We just dropped Chelsea off at college. I've only called her twice in the two hours since we got home, so I'd say I'm holding it together remarkably well.
She's ready, though, even if I'm not. In the past year, Chelsea has metamorphosed from a teenager into a woman. She took care of all the planning for her move, occasionally taking me along for shopping trips. She ordered her pink bike on-line and even assembled it herself. (All right, so she put the fenders on backwards, but who's perfect? We had the bike shop do a "tune up." Not that we thought it would fall apart or anything.)
It goes without saying that I miss her, but the strangest part is permanently giving up the illusion of control. I say "illusion" because nobody ever controlled Chelsea. She grew up to be a wonderful young woman with far better judgment than either of her parents at eighteen (and arguably either of us now), but only because she chose to be.
Until Chelsea was eight, The Strong-Willed Child by James Dobson was my child rearing bible. He said that strong-willed children take comfort in knowing that their parents are in charge and that there are consequences when they step out of line. The problem was that Dobson had never met Chelsea Acker. "I shall never surrender!" was her battle cry. And she never did, no matter what the consequences.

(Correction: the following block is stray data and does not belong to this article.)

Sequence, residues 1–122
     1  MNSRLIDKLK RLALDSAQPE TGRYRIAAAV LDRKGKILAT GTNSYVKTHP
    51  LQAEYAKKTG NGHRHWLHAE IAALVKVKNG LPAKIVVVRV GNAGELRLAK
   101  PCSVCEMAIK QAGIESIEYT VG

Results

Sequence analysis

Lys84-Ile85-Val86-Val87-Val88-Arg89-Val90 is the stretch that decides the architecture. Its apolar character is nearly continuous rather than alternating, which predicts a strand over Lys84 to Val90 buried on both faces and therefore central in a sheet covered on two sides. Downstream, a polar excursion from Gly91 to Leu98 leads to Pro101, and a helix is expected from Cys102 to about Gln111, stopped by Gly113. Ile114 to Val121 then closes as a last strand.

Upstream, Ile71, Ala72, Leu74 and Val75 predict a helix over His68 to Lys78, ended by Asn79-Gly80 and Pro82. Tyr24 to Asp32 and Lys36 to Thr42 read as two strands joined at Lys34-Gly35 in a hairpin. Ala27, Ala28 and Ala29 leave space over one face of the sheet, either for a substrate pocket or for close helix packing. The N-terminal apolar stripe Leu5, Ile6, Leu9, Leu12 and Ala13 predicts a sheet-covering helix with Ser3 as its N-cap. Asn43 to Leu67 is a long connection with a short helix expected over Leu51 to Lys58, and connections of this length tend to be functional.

One night, Chelsea and I had just finished locking horns about something when in desperation I asked God for guidance. (Yes, it's typical for me to wait until I'm desperate to ask God for help. But I'm getting better.) The answer he impressed on my mind was clear. "If you're under grace, why are you putting Chelsea under the law?" I suddenly realized that "Because she's a child" didn't cut it.
Through Chelsea, God taught me a powerful lesson: The law cannot change a person, including a child. That is the whole point of the Gospel. Only God's grace, working from within to mold the heart, can transform a life.
So from that moment on, we focused on our relationships with our children, making sure above all else that they know how much we love them. And we prayed for them, trusting that God alone has access to their hearts. The other three children have always accepted guidance a lot more easily, but Chelsea needed to make her own mistakes and learn from them. And by the time she hit her teenage years, she seemed to have gotten the rebellion out of her system. William Sears analogizes strong-willed children to high-risk, high-yield investments. If so, we've really hit the jackpot on this one!
The only real power we have over children is on our knees, because they may choose to go their own way when the rules are gone. But the power of prayer is infinite, and not limited by proximity. I won't know where she goes, when she comes home at night, or whether she wears a bike helmet, but I can ask God for his shield of protection. Not just during the next four years, but always.
"I hurl you into the universe and pray."